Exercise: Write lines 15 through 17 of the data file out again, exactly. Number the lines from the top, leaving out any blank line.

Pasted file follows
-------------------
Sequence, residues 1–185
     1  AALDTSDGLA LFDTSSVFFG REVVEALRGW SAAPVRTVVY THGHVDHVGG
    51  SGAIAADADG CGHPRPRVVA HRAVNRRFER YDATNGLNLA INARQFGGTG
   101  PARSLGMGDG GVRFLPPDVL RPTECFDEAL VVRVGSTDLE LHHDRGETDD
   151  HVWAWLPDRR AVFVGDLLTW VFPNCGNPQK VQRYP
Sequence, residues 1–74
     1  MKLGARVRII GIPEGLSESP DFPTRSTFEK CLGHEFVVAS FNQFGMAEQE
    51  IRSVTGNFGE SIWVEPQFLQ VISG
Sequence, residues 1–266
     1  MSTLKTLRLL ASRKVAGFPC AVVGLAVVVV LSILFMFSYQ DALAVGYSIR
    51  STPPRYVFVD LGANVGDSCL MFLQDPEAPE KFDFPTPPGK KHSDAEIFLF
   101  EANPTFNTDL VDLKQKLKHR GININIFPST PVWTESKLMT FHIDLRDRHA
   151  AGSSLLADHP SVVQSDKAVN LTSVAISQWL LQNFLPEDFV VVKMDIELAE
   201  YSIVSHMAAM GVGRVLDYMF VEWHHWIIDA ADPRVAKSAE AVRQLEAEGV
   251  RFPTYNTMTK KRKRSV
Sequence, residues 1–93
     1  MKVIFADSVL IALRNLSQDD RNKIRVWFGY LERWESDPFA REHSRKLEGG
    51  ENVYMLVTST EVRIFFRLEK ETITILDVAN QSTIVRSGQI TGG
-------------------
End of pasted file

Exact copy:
   251  RFPTYNTMTK KRKRSV
Sequence, residues 1–93
     1  MKVIFADSVL IALRNLSQDD RNKIRVWFGY LERWESDPFA REHSRKLEGG